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10 January 2009 @ 05:45 pm
notes: Perl Commandline Primer  
Hey, I found some really old notes that I wrote, which are still mostly relevant today! This is a Primer for Perl on the Command Line. It's been available at http://impson.tzo.com/~jdimpson/proj/perl_commandline_primer.txt since I wrote it in 1998. I wrote it for a Linux User Group that I helped start around that time (http://www.stnylug.org/). I've always loved Perl for its flexibility, and using it on the command line (vs writing out perl scripts) for one-shot administrative tasks is for me a big part of that flexibility. Here's the primer in its entirety, unmodified from how it was originally presented at an early LUG meeting. Apparantly, it was presented January 19, 1999. Hmm. According to earlier meeting minutes, the notion of presenting these notes was conceived in early 1999, not in 1998, so that's more likely when this was written, despite the copyright date in the file.

BEGIN PRIMER

These notes are Copyright 1998 by Jeremy D. Impson <jdimpson@acm.org>.
You may copy them in their entirety or in part for your own use (any use)
provided this copyright and credit notice is included in the copy.

----------------
- Running perl -
----------------

1. Perl on the command line is an incredible administrative tool and a great time server

2. Normal way to run a perl script is by writing the code into file (say, "foo") then
running it like this

$ cat foo
print "hello, world!\n";

$ perl foo
hello, world!


3. If the script has "#!/usr/bin/perl" as the first line, then you can run the script
directly as an application:

$ cat foo
#!/usr/bin/perl
print "hello, world!\n";

$ foo
hello, world!

4. Sometimes writing files out is a pain, especially for one shot deals or when you don't
have write permission. The same affects as above can be gained with the '-e' flag, which says
"execute the next chunk as Perl code".

$ perl -e 'print "hello, world\n";'
hello, world!

------------------
- Quotation tips -
------------------

5. Must group the argument to -e with either single or double quotes so that the shell will
pass the whole thing as the first argument. Single quotes are recommended, because they prevent
the shell from trying to interpolate various characters that are special to both Perl and the
shell.

To use a single quote within your Perl code, use the "q/string/" notation, which perl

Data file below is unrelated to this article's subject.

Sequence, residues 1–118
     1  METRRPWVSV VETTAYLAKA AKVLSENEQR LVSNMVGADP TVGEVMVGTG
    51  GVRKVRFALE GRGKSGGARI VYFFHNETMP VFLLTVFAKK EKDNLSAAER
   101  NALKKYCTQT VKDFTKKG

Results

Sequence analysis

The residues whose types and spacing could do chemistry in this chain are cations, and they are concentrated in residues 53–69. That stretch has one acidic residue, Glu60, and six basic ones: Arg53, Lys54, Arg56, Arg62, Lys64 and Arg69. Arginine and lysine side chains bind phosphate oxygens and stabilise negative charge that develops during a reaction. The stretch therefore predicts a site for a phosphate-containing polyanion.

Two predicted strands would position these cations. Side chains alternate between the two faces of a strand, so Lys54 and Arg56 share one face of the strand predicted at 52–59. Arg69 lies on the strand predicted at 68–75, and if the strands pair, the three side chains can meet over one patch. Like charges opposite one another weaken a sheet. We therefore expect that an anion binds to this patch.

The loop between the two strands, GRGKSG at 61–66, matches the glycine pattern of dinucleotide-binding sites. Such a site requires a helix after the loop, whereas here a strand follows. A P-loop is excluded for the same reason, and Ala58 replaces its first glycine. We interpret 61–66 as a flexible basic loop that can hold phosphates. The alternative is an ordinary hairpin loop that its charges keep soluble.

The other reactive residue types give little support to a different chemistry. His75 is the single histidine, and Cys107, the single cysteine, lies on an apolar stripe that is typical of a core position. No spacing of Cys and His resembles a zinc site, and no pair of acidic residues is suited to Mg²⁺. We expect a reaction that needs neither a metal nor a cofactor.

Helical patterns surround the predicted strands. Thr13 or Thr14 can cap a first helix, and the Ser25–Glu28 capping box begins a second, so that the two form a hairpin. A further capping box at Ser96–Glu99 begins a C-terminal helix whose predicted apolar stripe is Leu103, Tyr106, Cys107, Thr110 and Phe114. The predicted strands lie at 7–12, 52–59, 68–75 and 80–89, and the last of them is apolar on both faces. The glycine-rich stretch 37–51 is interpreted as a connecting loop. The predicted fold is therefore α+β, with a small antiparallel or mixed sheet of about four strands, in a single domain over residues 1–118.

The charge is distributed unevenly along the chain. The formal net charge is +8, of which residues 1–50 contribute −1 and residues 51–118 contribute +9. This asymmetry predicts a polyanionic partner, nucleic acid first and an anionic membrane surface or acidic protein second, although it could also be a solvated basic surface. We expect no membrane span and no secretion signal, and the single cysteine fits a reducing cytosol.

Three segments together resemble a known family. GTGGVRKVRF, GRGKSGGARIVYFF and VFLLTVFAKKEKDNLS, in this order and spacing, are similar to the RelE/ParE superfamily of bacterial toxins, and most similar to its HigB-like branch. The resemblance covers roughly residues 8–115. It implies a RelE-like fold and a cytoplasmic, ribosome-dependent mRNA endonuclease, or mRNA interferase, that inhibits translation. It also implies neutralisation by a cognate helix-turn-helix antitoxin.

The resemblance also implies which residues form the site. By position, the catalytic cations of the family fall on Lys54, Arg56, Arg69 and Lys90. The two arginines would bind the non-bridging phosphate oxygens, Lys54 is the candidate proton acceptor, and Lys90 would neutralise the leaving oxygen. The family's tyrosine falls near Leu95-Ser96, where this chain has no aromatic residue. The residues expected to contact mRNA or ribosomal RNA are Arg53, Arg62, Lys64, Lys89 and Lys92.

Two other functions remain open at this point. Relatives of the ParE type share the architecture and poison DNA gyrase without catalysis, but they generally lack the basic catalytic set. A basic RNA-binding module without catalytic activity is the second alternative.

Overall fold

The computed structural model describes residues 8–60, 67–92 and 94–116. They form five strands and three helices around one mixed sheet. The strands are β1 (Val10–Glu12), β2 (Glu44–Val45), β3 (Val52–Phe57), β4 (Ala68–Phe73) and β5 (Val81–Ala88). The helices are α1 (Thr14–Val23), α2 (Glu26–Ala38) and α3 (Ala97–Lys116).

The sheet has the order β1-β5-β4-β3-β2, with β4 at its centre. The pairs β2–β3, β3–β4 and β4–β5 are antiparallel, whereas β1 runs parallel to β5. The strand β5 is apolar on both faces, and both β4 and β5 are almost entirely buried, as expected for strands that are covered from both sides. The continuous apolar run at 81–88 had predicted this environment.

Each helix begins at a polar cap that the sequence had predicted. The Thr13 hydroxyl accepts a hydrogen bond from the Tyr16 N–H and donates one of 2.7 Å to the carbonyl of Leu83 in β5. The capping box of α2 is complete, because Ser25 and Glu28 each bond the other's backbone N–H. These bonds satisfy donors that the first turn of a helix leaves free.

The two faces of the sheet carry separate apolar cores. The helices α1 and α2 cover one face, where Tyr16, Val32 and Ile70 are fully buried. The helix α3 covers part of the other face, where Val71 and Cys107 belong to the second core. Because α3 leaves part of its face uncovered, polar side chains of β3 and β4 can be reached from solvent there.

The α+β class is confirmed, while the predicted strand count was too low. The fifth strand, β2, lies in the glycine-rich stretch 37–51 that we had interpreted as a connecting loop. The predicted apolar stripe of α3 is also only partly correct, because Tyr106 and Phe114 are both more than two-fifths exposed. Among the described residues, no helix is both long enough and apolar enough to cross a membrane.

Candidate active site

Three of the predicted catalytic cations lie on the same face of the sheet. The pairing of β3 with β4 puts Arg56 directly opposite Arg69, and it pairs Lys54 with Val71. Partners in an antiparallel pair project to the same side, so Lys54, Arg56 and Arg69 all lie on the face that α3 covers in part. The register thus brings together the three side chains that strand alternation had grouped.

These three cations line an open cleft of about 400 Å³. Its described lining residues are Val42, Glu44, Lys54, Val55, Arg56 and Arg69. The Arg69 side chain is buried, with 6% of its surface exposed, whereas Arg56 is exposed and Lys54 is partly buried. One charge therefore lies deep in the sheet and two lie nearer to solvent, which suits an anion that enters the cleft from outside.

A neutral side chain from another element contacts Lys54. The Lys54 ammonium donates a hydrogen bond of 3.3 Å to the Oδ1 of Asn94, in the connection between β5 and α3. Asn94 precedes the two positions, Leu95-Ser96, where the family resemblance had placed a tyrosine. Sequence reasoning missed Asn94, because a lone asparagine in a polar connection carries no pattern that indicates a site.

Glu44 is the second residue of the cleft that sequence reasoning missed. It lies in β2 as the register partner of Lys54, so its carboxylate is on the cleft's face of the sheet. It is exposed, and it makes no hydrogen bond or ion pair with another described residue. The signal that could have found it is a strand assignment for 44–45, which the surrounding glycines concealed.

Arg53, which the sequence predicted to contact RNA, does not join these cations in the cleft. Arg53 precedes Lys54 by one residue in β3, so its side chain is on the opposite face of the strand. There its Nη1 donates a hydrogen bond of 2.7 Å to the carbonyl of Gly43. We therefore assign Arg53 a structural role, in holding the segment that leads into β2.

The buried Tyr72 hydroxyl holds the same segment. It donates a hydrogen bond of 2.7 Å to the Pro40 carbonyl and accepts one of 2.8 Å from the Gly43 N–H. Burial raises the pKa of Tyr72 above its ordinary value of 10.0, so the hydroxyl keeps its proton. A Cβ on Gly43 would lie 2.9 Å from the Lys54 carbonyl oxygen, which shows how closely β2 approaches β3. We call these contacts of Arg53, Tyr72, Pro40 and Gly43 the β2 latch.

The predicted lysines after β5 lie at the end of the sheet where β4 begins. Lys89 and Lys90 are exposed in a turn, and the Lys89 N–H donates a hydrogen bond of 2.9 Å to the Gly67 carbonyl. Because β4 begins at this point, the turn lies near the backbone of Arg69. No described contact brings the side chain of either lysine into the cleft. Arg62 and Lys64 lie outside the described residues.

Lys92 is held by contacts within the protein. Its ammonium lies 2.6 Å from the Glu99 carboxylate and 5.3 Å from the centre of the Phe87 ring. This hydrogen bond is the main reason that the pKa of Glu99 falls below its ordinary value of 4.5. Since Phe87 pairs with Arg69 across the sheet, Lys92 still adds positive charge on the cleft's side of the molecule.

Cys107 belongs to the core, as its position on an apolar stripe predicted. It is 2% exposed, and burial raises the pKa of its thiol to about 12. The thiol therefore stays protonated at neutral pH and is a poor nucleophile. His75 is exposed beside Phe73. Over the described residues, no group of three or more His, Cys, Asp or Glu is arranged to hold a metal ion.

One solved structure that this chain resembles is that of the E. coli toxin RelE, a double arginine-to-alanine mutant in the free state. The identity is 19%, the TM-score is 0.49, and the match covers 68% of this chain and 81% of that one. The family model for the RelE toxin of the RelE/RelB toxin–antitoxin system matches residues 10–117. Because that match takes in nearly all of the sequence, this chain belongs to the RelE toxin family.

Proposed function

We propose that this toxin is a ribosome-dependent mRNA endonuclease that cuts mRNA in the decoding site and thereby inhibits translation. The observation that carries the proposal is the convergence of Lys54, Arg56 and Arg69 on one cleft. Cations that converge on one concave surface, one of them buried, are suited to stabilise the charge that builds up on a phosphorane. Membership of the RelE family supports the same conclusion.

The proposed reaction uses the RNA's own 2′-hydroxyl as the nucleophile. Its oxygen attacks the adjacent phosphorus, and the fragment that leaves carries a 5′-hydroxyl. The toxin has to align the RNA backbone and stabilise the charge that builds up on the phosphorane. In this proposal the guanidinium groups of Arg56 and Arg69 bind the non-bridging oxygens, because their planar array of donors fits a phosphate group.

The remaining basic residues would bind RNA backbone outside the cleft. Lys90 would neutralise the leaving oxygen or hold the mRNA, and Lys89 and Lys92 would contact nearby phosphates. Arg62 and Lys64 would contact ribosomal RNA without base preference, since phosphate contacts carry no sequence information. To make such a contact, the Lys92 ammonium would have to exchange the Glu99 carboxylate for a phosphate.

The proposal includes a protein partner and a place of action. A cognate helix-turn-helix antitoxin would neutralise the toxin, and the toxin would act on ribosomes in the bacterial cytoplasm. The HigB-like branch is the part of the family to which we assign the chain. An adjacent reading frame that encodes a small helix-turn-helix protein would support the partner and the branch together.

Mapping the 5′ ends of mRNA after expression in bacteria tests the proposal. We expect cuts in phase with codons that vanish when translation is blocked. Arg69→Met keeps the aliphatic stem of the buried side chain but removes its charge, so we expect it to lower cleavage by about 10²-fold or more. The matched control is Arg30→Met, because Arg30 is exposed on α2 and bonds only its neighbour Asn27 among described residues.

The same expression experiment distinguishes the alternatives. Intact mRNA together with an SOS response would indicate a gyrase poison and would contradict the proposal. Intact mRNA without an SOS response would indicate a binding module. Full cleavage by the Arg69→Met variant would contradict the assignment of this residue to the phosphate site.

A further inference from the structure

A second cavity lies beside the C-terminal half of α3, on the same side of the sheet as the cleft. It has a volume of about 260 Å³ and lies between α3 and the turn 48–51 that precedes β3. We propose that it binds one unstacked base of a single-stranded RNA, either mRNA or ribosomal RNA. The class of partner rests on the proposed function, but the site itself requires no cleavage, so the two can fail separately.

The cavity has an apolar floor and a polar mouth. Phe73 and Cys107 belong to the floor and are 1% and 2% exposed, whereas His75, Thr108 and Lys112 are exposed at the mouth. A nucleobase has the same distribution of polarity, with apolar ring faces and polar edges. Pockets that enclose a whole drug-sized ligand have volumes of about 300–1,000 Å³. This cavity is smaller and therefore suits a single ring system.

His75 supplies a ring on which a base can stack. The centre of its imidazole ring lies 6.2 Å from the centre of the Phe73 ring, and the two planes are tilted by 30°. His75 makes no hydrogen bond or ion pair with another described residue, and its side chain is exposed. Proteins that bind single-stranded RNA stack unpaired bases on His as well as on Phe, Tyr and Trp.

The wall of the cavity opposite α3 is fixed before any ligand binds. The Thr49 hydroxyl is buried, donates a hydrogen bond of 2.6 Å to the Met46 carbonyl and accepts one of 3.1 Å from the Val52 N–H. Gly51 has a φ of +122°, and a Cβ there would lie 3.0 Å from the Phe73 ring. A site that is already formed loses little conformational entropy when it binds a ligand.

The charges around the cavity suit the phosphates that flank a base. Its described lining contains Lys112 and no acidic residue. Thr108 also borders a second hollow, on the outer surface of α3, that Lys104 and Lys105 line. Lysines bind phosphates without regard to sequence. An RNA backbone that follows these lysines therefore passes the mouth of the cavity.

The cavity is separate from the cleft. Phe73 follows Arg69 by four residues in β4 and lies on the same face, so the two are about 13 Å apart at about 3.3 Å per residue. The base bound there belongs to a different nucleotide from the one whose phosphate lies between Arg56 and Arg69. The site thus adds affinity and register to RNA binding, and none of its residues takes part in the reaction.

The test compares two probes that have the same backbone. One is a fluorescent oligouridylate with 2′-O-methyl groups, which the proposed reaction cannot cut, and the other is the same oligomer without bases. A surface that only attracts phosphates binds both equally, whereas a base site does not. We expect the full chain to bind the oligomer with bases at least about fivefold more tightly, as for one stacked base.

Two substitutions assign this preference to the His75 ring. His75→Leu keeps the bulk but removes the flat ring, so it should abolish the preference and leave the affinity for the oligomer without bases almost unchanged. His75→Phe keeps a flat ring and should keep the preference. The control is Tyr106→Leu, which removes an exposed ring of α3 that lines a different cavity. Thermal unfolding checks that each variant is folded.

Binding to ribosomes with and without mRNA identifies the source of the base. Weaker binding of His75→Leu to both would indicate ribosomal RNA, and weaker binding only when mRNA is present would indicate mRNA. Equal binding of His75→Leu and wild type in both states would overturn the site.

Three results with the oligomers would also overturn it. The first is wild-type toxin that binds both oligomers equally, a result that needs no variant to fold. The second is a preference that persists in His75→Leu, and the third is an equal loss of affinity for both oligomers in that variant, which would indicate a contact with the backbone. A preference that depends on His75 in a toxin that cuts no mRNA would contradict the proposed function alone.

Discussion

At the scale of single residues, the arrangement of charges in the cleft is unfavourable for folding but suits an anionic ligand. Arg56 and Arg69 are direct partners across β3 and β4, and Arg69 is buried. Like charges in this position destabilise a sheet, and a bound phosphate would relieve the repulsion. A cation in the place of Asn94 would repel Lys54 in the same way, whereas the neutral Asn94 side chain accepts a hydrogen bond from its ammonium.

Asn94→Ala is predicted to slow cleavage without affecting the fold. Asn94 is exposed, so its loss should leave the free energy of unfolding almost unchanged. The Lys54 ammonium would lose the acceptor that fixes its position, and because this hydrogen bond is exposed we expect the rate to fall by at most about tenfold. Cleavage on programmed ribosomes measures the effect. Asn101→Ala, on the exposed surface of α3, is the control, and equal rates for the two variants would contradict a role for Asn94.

will treat just like single quotes.

$ perl -e 'print q/hello, world\n/;'
hello, world\n

(Single quotes (or q//) prevent \n from being interpretted as a newline.)

Another way to write double quotes is to use the "qq./string/" notation, which perl
will treat just like double quotes.

So

$ perl -e 'print qq/hello, world\n/;'
hello, world

works _exactly_ like

$ perl -e 'print "hello, world\n";'
hello, world

---------------------
- Commandline flags -
---------------------

6. '-e' can be used multiple times. Each script that follows each '-e' will be run
as though it were the next line of the script.

$ perl -e 'print "1\n"; die;' -e 'print "2\n";'
1
Died at -e line 1.

$ perl -e 'print "1\n"; ' -e 'print "2\n";die;'
1
2
Died at -e line 2.

7. '-c' can be used to check the syntax of a file without executing it, to see if there are
any syntactical bugs.

$ cat foo
prunt "hello, world\n";

$ perl -c foo
String found where operator expected at foo line 1, near "prunt "hello, world\n""
(Do you need to predeclare prunt?)
syntax error at foo line 1, near "prunt "hello, world\n""
foo had compilation errors.

(Basically, it is saying that it doesn't know what "prunt" is.)

8. '-n' and '-p' both implicitly add a wrapper around your code. '-n' adds this:

foreach (<>) {

# your code goes here

}

and '-p' adds this:

foreach (<>) {

# your code goes here

print $_;
}

The effect is that first, all data read in from standard input will have your code applied
to it, then second, each line of each file listed on the commandline will have your code
applied to it. For the case of '-p', after your code applied, the line of data is printed
out.

We'll see how powerful these options are, especially when combined with '-e' and '-i'.

9. '-i' is the sysadmin's best friend. It causes all files opened via the "<>"
construct to be edited in-place. When used with an argument as in '-i.bak',
it is the paranoid sysadmin's best friend, because it makes backups of the file being
edited (taking the original name and appending a ".bak" to it to make the name of the
backup). Note that this is especially useful with the '-n' and '-p' arguments, both of
which implicitly use the "<>" construct.

10. '-M' followed by a module name will cause the perl module to be "use"d. The Shell.pm